“This isn’t a rebuild situation. This is a reload situation.”
The quote, uttered Dec. 29, 2014, has gone down as Trent Baalke’s most infamous. The 49ers’ then-general manager had just parted ways with Jim Harbaugh, the franchise’s most successful coach in the last two decades, and insisted the 49ers would continue to be among the NFL’s elite. He was wrong. Harbaugh won more games in his lousiest year as the 49ers’ head coach (eight) than his replacements did in the next two seasons combined (seven).
The quote also was the first verbalization of Baalke’s debilitating blind spot: He thought the players he assembled were way better than they actually were, in the way a proud father thinks his daughter’s red crayon scribble is the most fantastic fire engine ever painted.
Premium content for only $0.99
For the most comprehensive local coverage, subscribe today.
A year later, after Jim Tomsula’s failed one-year stint as Harbaugh’s replacement, the 49ers again went the wishful-thinking route and hired Chip Kelly as head coach. The thought process: Kelly’s offensive mind plus Baalke’s ability to find defensive talent would make the 49ers great again. It was about as solid a strategy as sprinkling pixie dust at the 50-yard line, waving a magic wand and yelling, “Presto!”
Which is why the best news to come out of the 49ers’ Thursday news conference is that the new regime seems to be grounded in realism.
There was no boastful talk about banners and beating the Seahawks. The undercurrent Thursday was that the 49ers aren’t very good, aren’t very talented and have a long road ahead.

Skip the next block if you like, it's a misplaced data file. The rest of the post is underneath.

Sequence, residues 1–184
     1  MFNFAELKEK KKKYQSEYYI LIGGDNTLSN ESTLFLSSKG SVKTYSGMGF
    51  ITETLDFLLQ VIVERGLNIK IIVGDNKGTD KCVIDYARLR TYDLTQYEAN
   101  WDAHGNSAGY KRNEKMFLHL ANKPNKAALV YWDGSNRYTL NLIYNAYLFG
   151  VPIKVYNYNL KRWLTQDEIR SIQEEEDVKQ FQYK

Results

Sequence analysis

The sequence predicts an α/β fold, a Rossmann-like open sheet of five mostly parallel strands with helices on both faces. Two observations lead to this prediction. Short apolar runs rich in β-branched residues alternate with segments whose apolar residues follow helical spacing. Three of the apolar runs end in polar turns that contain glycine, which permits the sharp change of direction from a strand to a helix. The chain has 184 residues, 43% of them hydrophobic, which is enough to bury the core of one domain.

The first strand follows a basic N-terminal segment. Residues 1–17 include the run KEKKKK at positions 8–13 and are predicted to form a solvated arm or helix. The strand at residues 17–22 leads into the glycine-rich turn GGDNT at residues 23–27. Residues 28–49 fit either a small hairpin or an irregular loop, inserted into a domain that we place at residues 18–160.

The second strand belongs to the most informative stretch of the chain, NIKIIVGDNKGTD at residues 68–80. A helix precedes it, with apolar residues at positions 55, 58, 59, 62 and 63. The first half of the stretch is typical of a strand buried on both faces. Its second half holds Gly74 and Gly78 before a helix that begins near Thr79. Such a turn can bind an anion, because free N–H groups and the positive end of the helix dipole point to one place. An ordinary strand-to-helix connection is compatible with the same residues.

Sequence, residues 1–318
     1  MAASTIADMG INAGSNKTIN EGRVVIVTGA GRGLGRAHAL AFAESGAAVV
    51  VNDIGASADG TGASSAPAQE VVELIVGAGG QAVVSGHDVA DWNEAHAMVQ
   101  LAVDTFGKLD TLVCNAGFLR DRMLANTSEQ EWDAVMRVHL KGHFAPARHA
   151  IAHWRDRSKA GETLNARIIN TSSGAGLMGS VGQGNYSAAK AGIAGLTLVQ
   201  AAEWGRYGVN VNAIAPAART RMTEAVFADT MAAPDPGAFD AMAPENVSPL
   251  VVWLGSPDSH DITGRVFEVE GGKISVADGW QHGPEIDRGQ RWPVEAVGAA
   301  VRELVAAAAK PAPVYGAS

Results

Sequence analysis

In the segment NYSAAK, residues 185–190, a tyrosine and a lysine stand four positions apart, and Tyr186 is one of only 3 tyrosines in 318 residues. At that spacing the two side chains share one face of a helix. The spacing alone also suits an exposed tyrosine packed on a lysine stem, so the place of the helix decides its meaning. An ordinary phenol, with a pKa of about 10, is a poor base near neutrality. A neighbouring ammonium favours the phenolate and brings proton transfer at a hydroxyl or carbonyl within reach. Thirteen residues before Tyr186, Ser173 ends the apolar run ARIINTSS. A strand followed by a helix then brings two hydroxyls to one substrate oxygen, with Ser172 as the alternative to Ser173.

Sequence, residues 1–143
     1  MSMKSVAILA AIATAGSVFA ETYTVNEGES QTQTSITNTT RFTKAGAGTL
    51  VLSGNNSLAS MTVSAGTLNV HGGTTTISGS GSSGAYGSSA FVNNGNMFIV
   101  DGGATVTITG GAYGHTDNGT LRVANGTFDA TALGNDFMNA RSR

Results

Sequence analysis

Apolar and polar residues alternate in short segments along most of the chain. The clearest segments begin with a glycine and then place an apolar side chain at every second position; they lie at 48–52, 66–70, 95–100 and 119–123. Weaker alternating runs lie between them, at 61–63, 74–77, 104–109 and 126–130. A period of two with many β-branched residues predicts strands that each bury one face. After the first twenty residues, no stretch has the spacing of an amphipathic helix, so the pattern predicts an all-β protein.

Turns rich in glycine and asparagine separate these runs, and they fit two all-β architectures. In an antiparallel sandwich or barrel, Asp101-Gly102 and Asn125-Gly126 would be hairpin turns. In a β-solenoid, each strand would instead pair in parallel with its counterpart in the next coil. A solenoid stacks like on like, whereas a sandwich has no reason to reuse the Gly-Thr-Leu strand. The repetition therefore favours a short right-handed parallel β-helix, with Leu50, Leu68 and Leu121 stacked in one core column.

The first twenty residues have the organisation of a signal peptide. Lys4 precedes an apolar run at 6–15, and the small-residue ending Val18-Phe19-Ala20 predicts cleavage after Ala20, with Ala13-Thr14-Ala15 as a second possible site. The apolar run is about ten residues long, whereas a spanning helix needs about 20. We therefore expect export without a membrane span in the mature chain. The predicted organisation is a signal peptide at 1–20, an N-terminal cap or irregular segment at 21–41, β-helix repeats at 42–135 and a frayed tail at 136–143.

That’s why new general manager John Lynch and incoming head coach Kyle Shanahan insisted on twin, six-year deals. If San Francisco’s rebuild is done correctly, it will take time.
The 49ers have an abundance of salary cap space and 10 draft picks, and a combination of the two could be used in trades. Shanahan said the team had no choice but to look at each of those avenues. But there also was a sense that he and Lynch would proceed with caution.
“You don’t just go do that to do that,” he said of bold roster moves. “You’ve got to make sure that you make the right decisions, you build it the right way. Everyone’s goal is to win right away, but the main goal is to build a team that can win consistently, and that’s what our goal is.”
The 49ers already are taking their cues from Lynch.
He spoke first Thursday and showed a confident, friendly, easygoing manner that also set him apart from Baalke, who was known for being defensive and guarded and also extremely assured of his abilities as a talent evaluator.
Since his hire last month, Lynch openly has acknowledged he has no scouting background or front-office experience, and on Thursday he announced he had hired ex-Lions general manager Martin Mayhew to help fill that experience gap.
A cynic (or a sportswriter) might point out that Lynch isn’t the only player-turned-broadcaster-turned-NFL executive who has hired Mayhew. Matt Millen made a similar move in 2001, and his teams (and his tenure) – including the Lions’ 0-16 squad in 2008 – are among the worst in NFL history.
Still, Lynch also has brought in Adam Peters and retained, for now, Tom Gamble, which means he’s surrounded himself with experience, and in Peters’ case, success. He was part of the Patriots’ front office that won two Super Bowls and was with the Broncos when they won Super Bowl 50.
“I’m going to embrace all those guys,” Lynch said. “I can tell you that we’ve been in draft meetings for the last two days, and it’s been great. I think we have a great process going. I’m not a guy who’s going to come in and just change everything. You come in and see what you have, and I’ve been very encouraged with what we have already.”
Everyone knows where they want to go when they’re hired to run an NFL team. The positive about the incoming 49ers officials is that, unlike previous regimes, they seem to know where they are.